US: U.S. Cracks Down on Corporate Bribes

The Justice Department is increasing its prosecutions of alleged
acts of foreign bribery by U.S. corporations, forcing them to take
costly steps to defend against scrutiny.

The crackdown under the Foreign Corrupt Practices Act, or FCPA -- a
post-Watergate law largely dormant for decades -- now extends across
five continents and penetrates entire industries, including energy and
medical devices. Among the companies currently under Justice Department
review: Sun Microsystems Inc. and Royal Dutch Shell PLC, according to the companies' disclosures.

At least 120 companies are under investigation, according to Mark
Mendelsohn, a deputy chief in the Justice Department division
overseeing the prosecutions, up from 100 at the end of last year.

The effort began in the wake of a series of business scandals
earlier this decade, including the collapse of Enron, that stirred up a
new corporate-reform movement.

Today, companies across the U.S. are working to figure out if they
are at risk. In some instances, companies have called the Justice
Department to come clean, in hopes of obtaining leniency.

"If we call them before they call us, it's not where they want to be," Mr. Mendelsohn said.

The law prohibits U.S. companies from paying, or offering to pay,
foreign-government officials or employees of state-owned companies to
gain a business advantage. It covers nonmonetary gifts or offers in
addition to cash payments, and is worded broadly enough that it's
spawning an army of consultants, some of whom once prosecuted bribery
cases for the Justice Department, who offer to interpret the gray areas.

"When you have a law that can result in criminal sanctions and jail
time and that you can violate without actually realizing you're
violating it, that's terrifying," said Alexandra Wrage, president of
Trace International Inc., a Washington-based nonprofit specializing in
antibribery compliance.

The gray areas of the law sometimes apply to actions -- for example,
the giving of seasonal gifts -- that can be common in some countries.
This has left corporations concerned about other practices, such as
picking up the cost of trips or meals for foreign officials.

In 2007, the Justice Department settled charges against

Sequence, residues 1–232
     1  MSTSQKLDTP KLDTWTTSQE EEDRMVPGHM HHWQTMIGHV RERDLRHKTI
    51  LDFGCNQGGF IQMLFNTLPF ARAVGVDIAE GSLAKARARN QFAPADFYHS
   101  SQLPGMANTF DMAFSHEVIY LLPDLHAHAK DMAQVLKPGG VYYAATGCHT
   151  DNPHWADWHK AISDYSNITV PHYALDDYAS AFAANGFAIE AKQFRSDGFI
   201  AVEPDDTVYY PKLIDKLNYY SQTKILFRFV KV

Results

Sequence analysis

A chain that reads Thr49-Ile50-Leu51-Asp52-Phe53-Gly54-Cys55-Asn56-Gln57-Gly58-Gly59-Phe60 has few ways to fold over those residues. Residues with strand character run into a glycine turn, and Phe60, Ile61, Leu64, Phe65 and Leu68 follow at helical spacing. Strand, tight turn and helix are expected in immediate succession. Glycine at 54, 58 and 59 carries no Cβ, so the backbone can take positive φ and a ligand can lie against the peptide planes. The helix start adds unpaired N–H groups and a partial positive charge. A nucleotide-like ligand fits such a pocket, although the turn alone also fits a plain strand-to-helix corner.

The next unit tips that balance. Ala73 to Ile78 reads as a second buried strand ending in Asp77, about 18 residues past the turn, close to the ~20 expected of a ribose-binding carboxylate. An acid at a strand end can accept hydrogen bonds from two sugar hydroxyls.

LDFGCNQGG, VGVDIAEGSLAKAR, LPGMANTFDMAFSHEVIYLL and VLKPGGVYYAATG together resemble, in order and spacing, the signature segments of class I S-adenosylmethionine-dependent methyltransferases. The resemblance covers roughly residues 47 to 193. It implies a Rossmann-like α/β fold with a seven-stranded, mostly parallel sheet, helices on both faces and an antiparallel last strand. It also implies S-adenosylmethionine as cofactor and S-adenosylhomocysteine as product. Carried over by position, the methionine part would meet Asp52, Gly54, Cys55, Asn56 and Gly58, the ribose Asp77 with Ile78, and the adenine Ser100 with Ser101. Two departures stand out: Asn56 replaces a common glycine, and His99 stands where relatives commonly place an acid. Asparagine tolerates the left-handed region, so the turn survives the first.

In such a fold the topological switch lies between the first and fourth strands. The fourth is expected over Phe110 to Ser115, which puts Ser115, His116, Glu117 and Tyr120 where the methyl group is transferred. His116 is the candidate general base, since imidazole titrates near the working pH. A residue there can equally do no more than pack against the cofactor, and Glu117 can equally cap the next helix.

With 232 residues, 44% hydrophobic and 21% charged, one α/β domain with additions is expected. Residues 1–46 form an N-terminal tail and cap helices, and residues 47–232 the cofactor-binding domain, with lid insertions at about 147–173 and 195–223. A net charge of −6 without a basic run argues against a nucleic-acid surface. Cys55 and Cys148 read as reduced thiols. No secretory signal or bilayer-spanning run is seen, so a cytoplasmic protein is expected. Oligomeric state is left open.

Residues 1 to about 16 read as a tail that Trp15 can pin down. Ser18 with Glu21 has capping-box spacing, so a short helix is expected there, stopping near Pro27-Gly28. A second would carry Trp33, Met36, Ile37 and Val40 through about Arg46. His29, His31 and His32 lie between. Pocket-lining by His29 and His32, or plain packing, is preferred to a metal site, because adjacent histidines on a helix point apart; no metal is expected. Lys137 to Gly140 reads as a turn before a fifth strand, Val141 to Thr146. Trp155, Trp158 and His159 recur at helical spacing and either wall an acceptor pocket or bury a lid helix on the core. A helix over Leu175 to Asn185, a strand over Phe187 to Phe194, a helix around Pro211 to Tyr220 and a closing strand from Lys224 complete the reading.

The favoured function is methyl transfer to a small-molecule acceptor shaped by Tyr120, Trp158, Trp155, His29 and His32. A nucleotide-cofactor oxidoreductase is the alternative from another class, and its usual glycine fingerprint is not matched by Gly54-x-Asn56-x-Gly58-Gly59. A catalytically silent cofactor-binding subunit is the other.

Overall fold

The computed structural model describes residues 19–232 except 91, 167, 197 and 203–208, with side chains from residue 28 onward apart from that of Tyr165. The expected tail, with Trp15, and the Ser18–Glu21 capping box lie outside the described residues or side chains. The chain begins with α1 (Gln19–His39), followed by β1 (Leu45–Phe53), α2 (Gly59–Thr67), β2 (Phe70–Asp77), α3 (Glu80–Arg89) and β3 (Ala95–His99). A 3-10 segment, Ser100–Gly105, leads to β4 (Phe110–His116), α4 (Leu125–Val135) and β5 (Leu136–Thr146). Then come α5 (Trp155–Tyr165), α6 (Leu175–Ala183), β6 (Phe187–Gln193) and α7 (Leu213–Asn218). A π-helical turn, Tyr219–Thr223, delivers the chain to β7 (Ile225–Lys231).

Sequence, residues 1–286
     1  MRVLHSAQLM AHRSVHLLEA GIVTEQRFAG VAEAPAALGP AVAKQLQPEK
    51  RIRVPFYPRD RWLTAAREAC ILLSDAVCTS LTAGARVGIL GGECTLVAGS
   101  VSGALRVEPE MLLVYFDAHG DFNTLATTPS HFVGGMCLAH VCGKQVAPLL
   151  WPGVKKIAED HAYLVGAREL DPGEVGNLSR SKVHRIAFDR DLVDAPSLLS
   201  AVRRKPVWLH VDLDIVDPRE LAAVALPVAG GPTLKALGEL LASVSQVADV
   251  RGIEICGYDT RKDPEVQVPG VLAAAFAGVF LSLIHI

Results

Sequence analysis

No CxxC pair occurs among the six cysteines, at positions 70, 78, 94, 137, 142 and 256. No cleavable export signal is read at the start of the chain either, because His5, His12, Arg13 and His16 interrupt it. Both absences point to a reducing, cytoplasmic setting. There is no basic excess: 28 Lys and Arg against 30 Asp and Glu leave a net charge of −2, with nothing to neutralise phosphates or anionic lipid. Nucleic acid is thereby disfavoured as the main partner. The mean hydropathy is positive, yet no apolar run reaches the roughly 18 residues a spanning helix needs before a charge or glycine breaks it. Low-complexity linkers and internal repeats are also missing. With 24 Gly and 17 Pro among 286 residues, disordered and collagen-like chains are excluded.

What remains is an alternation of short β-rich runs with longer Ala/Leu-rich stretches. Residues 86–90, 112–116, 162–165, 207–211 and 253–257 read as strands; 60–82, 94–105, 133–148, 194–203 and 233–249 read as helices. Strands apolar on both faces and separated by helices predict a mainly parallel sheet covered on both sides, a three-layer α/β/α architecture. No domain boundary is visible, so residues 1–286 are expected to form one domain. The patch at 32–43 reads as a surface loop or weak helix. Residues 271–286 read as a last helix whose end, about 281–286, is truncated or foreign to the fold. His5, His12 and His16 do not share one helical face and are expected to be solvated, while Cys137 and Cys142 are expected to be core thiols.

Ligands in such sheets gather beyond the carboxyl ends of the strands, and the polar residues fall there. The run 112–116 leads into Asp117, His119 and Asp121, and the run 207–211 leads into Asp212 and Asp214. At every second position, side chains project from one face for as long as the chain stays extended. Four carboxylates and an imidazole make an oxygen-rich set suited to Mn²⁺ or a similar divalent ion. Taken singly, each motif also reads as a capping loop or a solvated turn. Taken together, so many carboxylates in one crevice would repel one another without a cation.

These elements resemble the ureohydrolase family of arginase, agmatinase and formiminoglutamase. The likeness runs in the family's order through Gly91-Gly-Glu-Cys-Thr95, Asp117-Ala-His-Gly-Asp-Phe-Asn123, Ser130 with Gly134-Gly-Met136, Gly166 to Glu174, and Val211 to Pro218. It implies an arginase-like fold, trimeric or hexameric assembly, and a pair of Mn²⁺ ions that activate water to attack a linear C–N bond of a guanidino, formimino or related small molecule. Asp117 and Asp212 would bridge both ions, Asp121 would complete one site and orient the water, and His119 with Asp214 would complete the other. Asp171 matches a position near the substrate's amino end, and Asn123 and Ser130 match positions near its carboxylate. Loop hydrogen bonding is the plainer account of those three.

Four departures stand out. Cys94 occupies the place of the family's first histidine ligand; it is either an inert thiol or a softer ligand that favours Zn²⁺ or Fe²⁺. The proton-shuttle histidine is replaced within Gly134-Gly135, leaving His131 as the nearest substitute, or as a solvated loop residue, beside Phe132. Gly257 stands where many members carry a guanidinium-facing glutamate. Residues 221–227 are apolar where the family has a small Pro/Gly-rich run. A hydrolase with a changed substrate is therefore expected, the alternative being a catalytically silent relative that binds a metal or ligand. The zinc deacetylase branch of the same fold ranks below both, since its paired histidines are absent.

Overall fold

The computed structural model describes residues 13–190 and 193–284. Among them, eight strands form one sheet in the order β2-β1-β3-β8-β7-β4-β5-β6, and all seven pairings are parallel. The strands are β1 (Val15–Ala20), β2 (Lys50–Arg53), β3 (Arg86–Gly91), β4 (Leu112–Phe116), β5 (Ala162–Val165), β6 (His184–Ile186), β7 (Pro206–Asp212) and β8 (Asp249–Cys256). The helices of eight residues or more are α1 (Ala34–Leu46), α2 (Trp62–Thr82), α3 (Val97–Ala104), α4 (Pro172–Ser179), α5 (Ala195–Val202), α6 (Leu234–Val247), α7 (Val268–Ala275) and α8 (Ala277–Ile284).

telecommunications company Lucent Technologies Inc. for failing to
properly record millions of dollars in travel to Disney World, Las
Vegas and other sightseeing destinations for about 1,000 Chinese
foreign officials who worked for state-controlled telecom companies.
The company, which had characterized the trips as factory tours,
admitted to the conduct and paid $2.5 million in fines.

The FCPA became law in 1977 amid investigations into alleged
contributions to Richard Nixon's re-election fund. At that time, a
Securities and Exchange Commission inquiry revealed that some companies
had been maintaining offshore slush funds used to sway business
decisions abroad. After the passage of the 2002 Sarbanes-Oxley Act,
which is intended to hold executives more accountable for their
companies' actions, the Justice Department dusted off the FCPA law as
part of the overall crackdown on corporate shenanigans.

The FCPA began its recent rise in prominence when, in 2004, a
Justice Department overseas-bribery probe of defense-services company
Titan Corp. sent its stock on a slide and eventually scuttled a $1.6
billion merger with aerospace giant Lockheed Martin Corp.

Titan pleaded guilty and eventually paid $28.5 million to settle SEC
charges that it allegedly bribed government officials in Benin to
develop a telecommunications project.

Mr. Mendelsohn currently has a team of eight Federal Bureau of
Investigation agents working on overseas bribery cases, up from five
last year.

For years, taking business associates to lavish dinners and giving
them expensive holiday gifts, and even outright cash, was expected and
done in many countries. Among them, according to legal experts and
corporations: Nigeria, South Korea and China, to name a few.

As a result of stepped-up enforcement of bribery laws, corporations
are re-evaluating their practices and hiring costly consultants to help